IDEAS home Printed from https://ideas.repec.org/a/oup/ajagec/v95y2013i2p476-481.html
   My bibliography  Save this article

Is There A Farm Labor Shortage?

Author

Listed:
  • Tom Hertz
  • Steven Zahniser

Abstract

No abstract is available for this item.

Suggested Citation

  • Tom Hertz & Steven Zahniser, 2013. "Is There A Farm Labor Shortage?," American Journal of Agricultural Economics, Agricultural and Applied Economics Association, vol. 95(2), pages 476-481.
  • Handle: RePEc:oup:ajagec:v:95:y:2013:i:2:p:476-481
    as

    Download full text from publisher

    File URL: http://hdl.handle.net/10.1093/ajae/aas090
    Download Restriction: Access to full text is restricted to subscribers.

    As the access to this document is restricted, you may want to search for a different version of it.

    Citations

    Citations are extracted by the CitEc Project, subscribe to its RSS feed for this item.
    as


    Cited by:

    1. Donna L. Schminkey & Xiaoyue Liu & Sandra Annan & Erika Metzler Sawin, 2019. "Contributors to Health Inequities in Rural Latinas of Childbearing Age: An Integrative Review Using an Ecological Framework," SAGE Open, , vol. 9(1), pages 21582440188, January.
    2. Timothy J. Richards & Bradley Rickard, 2020. "COVIDÔÇÉ19 impact on fruit and vegetable markets," Canadian Journal of Agricultural Economics/Revue canadienne d'agroeconomie, Canadian Agricultural Economics Society/Societe canadienne d'agroeconomie, vol. 68(2), pages 189-194, June.
    3. Kimhi, Ayal, 2015. "Is foreign farm labor a blessing or a curse? Evidence from Israel," 2015 Conference, August 9-14, 2015, Milan, Italy 211852, International Association of Agricultural Economists.
    4. Diane Charlton & Genti Kostandini, 2021. "Can Technology Compensate for a Labor Shortage? Effects of 287(g) Immigration Policies on the U.S. Dairy Industry," American Journal of Agricultural Economics, John Wiley & Sons, vol. 103(1), pages 70-89, January.
    5. Guan, Zhengfei & Wu, Feng, 2018. "Regulation and Farm Labor Market Structure," 2018 Annual Meeting, August 5-7, Washington, D.C. 274168, Agricultural and Applied Economics Association.
    6. Maoyong Fan & Susan Gabbard & Anita Alves Pena & Jeffrey M. Perloff, 2015. "Why Do Fewer Agricultural Workers Migrate Now?," American Journal of Agricultural Economics, Agricultural and Applied Economics Association, vol. 97(3), pages 665-679.
    7. Luo, Tianyuan & Escalante, Cesar, 2014. "Determinants of Occupational Changes of U.S. Migrant Farm Workers under Recessionary Times," 2014 Annual Meeting, February 1-4, 2014, Dallas, Texas 162415, Southern Agricultural Economics Association.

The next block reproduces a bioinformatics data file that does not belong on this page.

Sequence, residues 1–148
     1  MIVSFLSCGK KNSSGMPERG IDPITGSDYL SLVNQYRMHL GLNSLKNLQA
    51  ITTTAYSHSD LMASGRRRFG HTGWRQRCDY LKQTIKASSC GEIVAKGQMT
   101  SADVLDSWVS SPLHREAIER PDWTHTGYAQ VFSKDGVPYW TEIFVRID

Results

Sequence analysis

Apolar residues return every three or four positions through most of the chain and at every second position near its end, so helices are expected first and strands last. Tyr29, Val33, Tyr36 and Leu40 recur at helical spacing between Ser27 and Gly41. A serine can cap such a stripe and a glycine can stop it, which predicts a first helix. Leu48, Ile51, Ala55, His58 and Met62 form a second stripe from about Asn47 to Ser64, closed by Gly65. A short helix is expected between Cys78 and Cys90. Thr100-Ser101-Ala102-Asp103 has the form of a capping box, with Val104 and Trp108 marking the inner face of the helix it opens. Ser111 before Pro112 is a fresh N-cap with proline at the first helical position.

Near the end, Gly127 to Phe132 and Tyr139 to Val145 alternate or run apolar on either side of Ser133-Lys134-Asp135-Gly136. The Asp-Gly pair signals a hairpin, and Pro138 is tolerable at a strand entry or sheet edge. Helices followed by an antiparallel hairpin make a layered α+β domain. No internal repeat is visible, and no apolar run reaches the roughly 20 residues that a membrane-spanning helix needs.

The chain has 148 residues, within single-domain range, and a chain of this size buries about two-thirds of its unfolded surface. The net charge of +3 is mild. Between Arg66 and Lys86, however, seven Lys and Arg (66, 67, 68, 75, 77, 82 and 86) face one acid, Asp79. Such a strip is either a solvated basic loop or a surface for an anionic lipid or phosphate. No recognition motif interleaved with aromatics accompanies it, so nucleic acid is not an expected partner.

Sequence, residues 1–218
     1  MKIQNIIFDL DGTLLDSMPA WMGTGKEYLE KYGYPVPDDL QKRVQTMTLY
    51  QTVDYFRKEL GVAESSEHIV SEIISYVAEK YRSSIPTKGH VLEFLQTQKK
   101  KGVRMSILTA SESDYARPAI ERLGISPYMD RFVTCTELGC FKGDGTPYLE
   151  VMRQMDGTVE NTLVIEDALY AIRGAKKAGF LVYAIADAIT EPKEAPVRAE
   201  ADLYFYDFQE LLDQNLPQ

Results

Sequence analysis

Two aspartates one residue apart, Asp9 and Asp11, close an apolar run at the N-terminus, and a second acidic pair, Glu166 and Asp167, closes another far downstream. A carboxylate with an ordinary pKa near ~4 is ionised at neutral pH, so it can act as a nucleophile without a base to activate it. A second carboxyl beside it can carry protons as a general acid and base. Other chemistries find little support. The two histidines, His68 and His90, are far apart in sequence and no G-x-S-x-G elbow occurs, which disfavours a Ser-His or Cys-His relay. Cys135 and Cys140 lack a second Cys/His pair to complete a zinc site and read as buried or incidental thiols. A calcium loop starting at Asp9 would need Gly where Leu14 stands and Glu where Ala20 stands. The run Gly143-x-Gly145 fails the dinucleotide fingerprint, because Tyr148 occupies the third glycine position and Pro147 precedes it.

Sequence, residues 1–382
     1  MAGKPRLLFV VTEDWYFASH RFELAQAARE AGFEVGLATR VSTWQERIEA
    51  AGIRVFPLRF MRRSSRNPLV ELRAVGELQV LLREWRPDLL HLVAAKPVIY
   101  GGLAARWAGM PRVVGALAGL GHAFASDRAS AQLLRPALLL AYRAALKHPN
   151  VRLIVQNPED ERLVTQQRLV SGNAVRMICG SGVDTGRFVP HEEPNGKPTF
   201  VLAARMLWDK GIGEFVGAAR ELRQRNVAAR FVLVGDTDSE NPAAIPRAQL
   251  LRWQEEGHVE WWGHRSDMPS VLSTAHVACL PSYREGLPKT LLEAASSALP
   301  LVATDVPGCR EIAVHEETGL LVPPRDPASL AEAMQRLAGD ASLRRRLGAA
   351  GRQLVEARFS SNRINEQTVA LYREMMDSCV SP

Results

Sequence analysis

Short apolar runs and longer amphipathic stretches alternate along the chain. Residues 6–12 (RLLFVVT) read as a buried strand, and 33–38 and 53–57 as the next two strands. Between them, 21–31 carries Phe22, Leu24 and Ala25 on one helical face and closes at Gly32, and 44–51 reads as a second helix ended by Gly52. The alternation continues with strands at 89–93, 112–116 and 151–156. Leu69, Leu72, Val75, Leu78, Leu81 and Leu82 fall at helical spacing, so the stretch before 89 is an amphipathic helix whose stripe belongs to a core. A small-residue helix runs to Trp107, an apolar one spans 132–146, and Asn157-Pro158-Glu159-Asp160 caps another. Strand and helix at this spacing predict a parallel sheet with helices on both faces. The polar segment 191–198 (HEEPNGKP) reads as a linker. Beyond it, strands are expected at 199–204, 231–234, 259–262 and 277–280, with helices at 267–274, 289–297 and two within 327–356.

8. Richards, Timothy J., 2018. "Immigration Reform and Farm Labor Markets," 2018 Annual Meeting, August 5-7, Washington, D.C. 274165, Agricultural and Applied Economics Association.
    9. Amy M. G. Kandilov & Ivan T. Kandilov, 2020. "The minimum wage and seasonal employment: Evidence from the US agricultural sector," Journal of Regional Science, Wiley Blackwell, vol. 60(4), pages 612-627, September.
    10. Ifft, Jennifer & Jodlowski, Margaret, 2016. "Is ICE Freezing US Agriculture? The Impact of Local Immigration Enforcement on Farm Profitability and Structure," 2016 Annual Meeting, July 31-August 2, Boston, Massachusetts 235950, Agricultural and Applied Economics Association.
    11. Andrew J. Cassey & Kwanyoung Lee & Jeremy Sage & Peter R. Tozer, 2018. "Assessing post-harvest labor shortages, wages, and welfare," Agricultural and Food Economics, Springer;Italian Society of Agricultural Economics (SIDEA), vol. 6(1), pages 1-24, December.
    12. Kandilov, Amy & Kandilov, Ivan T., 2018. "The Impact of the Minimum Wage on Employment, Earnings, Wages, and Hours in the U.S. Agricultural Sector," 2018 Annual Meeting, August 5-7, Washington, D.C. 274158, Agricultural and Applied Economics Association.

    More about this item

    Statistics

    Access and download statistics

    Corrections

    All material on this site has been provided by the respective publishers and authors. You can help correct errors and omissions. When requesting a correction, please mention this item's handle: RePEc:oup:ajagec:v:95:y:2013:i:2:p:476-481. See general information about how to correct material in RePEc.

    For technical questions regarding this item, or to correct its authors, title, abstract, bibliographic or download information, contact: (Oxford University Press). General contact details of provider: http://edirc.repec.org/data/aaeaaea.html .

    If you have authored this item and are not yet registered with RePEc, we encourage you to do it here. This allows to link your profile to this item. It also allows you to accept potential citations to this item that we are uncertain about.

    We have no references for this item. You can help adding them by using this form .

    If you know of missing items citing this one, you can help us creating those links by adding the relevant references in the same way as above, for each refering item. If you are a registered author of this item, you may also want to check the "citations" tab in your RePEc Author Service profile, as there may be some citations waiting for confirmation.

    Please note that corrections may take a couple of weeks to filter through the various RePEc services.

    IDEAS is a RePEc service hosted by the Research Division of the Federal Reserve Bank of St. Louis . RePEc uses bibliographic data supplied by the respective publishers.